World's first observation of spin arrangements using neutron transmission
For the first time in the world, NIMS, JAEA and J-PARC jointly succeeded in observing electron spin arrangements in sample materials by applying a neutron beam to a sample and quantifying the neutrons transmitted through it. Conventional methods measuring neutrons scattered by the spins at various angles are principally incompatible with sample environment equipment that blocks the scattered neutrons. The newly developed method measures the linear transmission of neutrons through a sample material from a neutron beam source, minimizing this difficulty. Thus, the new transmission spectroscopy is a promising tool for measurements of spin arrangements under various extreme conditions.
Extreme conditions such as ultra-high pressure, ultra-high magnetic field, and ultra-low temperatures are attractive frontiers in magnetism. Neutron diffractometry measuring neutrons scattered by the spins at various angles has been a unique tool for clarifying the spin arrangements directly. However, it is not easy to measure neutrons scattered at the sample under extreme conditions, because the generations of such extreme conditions are possible in smaller, narrower, or thinner sample space in the sample environment equipment; consequently, the equipment covers almost the whole aspects of the scattered neutrons.
When a neutron beam is applied to a sample material, the neutrons transmitted through the material attenuate in proportion to the extent to which they are scattered. The NIMS-led research team therefore hypothesized that spin arrangements in materials could be characterized by simply measuring the transmitted neutrons. The team applied neutron pulses produced at J-PARC to a nickel oxide sample with known spin arrangements and analyzed the relationship between the intensity and wavelength of neutrons transmitted through the material. The team found that the transmission intensity of neutrons of specific wavelengths―which were expected to respond to known spin arrangements―was very low. Incident neutron beams are always transmitted through a sample material in a linear fashion, hence, the new method requires only one small through-hole in sample environment equipment and greatly improve flexibility in equipment design.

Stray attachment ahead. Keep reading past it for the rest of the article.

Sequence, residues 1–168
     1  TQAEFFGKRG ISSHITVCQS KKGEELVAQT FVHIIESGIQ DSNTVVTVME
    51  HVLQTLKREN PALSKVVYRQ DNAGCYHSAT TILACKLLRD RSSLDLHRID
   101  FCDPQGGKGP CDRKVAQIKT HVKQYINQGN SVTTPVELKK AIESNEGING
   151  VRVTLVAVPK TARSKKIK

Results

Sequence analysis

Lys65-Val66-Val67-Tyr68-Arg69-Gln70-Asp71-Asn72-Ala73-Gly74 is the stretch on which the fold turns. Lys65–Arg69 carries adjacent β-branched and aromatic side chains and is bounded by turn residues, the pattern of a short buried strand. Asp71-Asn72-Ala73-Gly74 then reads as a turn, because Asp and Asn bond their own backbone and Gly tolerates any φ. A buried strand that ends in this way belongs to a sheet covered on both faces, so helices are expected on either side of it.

This study demonstrated that neutron transmission measurements are an effective method of characterizing spin arrangements in materials under various extreme conditions. In future studies, we will leverage the working principle of this method to design multi-extreme condition-generating devices, facilitating the search for novel spin arrangements. In addition, application of the new method―linear transmission of incident beams through sample materials―to neutron radiography would enable non-destructive observation of spin state inside magnetic devices, which has been impossible to achieve by known techniques. This could facilitate the development of more advanced magnetic devices.